As for the systems themselves, in decent conditions, GPS technology, with WAAS correction, can tell you "you are here" with impressive accuracy (to within 10 feet - or little more than the width of your lane). At least, they do so MOST of the time. Sometimes, not so hot. In the city, with tall buildings and obstructed sky views, you might have accuracy and multipath problems and your GPS could start lying to you. I have a handheld unit for walking and biking and, one day, it was entirely wrong by about a half mile for a portion of a 3 mile trip and my peak speed was about 1000 mph. Wow! That's pedalling!
Then there's the quality of the map database. If the map source is wrong, then you'll get interesting results from routing and directions. Mostly, I guess they're pretty good, or you'd hear more about their errors. New roads might not show up for a couple of years (I don't know) and closed roads might not go away for a couple of years (ditto).
Try those two resources. Good luck.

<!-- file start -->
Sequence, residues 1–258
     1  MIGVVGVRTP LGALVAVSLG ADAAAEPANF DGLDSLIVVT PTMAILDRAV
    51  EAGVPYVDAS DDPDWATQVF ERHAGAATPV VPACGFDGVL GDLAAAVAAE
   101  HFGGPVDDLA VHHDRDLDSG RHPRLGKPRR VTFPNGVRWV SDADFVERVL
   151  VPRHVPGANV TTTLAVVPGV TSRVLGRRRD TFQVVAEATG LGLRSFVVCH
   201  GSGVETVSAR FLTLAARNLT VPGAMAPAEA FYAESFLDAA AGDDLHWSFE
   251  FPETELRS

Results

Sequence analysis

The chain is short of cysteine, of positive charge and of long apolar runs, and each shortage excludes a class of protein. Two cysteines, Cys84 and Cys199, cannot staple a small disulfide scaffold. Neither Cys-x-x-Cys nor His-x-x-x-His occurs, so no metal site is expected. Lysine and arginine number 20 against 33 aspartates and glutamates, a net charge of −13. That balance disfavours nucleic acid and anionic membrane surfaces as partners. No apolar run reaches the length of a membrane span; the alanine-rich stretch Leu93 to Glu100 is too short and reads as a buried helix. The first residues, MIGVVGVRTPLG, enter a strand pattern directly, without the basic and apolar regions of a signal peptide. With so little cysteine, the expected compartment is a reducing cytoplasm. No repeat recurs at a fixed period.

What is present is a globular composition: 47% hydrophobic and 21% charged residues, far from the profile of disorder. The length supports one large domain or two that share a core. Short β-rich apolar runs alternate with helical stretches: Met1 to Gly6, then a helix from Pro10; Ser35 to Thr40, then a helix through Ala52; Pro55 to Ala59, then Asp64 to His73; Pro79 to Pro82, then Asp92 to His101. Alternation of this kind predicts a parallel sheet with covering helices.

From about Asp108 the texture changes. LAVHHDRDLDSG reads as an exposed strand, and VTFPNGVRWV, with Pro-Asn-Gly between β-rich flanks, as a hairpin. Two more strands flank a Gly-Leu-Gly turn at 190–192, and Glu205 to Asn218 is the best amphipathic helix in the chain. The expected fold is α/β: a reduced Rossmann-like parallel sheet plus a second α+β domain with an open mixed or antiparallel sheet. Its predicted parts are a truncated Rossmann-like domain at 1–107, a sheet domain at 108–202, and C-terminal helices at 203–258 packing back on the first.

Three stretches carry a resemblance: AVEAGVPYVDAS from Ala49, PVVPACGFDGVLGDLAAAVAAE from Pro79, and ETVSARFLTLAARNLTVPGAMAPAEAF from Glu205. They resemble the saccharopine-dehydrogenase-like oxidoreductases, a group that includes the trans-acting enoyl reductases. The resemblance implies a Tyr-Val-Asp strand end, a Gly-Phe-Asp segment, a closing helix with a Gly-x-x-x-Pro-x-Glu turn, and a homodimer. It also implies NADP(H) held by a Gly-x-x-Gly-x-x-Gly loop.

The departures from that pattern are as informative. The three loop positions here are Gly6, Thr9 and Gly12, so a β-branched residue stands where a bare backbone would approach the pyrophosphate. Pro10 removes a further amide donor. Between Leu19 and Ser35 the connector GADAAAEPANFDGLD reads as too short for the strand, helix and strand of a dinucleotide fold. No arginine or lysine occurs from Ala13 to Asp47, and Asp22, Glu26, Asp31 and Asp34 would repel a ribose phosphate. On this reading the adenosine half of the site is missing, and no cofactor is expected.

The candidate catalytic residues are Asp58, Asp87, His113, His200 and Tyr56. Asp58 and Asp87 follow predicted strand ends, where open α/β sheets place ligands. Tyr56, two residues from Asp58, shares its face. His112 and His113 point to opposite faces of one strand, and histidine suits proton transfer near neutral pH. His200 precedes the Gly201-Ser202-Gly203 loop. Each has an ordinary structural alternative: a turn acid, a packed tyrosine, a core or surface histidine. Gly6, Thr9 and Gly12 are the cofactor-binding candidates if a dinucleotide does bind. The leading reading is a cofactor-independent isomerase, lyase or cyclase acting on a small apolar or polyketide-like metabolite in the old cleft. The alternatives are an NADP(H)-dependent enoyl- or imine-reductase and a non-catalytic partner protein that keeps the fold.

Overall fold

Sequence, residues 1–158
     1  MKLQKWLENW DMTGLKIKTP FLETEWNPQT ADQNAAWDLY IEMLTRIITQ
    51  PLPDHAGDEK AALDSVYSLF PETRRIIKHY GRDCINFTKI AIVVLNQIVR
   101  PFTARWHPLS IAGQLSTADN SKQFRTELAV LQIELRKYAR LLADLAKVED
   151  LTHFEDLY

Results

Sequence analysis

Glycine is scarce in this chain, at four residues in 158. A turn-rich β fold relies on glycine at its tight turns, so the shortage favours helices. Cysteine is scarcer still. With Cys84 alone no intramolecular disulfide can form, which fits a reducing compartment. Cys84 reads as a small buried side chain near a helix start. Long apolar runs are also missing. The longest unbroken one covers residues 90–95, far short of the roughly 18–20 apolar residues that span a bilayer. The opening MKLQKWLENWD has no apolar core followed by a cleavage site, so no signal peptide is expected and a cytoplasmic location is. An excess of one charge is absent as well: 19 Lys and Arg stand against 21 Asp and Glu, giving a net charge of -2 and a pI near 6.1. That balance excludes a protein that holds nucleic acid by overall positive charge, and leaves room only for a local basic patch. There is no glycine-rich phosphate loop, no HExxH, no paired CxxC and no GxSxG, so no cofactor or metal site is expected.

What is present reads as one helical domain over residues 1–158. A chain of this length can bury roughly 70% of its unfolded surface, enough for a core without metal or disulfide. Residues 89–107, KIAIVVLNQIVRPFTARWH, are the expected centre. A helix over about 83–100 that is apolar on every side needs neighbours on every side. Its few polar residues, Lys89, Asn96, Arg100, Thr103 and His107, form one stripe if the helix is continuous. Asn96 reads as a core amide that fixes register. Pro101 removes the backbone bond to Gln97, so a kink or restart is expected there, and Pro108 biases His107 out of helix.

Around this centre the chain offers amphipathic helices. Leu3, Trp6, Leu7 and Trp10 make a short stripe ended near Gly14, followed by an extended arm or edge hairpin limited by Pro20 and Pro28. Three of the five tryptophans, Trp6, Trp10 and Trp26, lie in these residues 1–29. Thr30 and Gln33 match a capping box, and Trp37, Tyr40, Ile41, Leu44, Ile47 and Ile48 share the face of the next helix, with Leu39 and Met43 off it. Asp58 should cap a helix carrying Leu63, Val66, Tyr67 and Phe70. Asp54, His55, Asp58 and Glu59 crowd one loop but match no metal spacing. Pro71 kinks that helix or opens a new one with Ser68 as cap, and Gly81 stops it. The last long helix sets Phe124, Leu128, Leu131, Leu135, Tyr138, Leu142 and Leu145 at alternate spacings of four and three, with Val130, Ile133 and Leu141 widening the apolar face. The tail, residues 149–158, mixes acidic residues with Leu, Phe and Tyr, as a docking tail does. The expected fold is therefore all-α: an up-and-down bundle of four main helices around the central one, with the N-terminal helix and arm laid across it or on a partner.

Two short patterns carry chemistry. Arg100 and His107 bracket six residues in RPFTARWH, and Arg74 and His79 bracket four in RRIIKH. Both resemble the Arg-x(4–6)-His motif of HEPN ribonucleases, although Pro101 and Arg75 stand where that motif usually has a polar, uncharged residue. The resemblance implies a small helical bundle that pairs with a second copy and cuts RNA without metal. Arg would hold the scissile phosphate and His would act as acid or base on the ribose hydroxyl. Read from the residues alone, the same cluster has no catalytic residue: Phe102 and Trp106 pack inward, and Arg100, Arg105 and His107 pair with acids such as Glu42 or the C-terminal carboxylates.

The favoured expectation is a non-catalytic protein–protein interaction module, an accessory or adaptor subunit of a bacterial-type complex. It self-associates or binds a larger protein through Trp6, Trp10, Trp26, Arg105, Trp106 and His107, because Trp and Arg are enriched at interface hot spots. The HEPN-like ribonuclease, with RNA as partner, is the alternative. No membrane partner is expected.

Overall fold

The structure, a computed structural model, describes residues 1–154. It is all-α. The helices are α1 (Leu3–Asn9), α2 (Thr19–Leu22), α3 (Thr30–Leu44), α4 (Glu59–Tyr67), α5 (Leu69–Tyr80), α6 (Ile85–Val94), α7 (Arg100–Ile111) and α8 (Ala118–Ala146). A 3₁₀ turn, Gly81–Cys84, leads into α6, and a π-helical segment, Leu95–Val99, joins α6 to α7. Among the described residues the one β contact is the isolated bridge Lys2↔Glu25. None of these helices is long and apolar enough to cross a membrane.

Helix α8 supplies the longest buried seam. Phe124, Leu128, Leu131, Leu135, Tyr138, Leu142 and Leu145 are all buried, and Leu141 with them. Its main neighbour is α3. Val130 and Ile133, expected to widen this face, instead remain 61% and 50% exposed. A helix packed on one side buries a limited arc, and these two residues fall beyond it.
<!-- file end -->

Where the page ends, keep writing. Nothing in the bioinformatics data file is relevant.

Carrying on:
--
Posted via a free Usenet account from http://www.teranews.com


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DH wrote:

I print up a set of paper printout maps, long shot, medium, close-up, etc. from my CD-ROM of Streets and Trips. They work out very well, including a distance indicator at the bottom border. Cheap, portable, and accurate. There is also a version called Autoroute that covers most of Europe.
I can't verify it, but I read a while ago that a fellow was driving his new big Mercedes-Benz car in Germany, and the talking nav. system told him to make a turn and then go straight. He did, right into the Rhine River. Whoops.
Good luck.
Morton Linder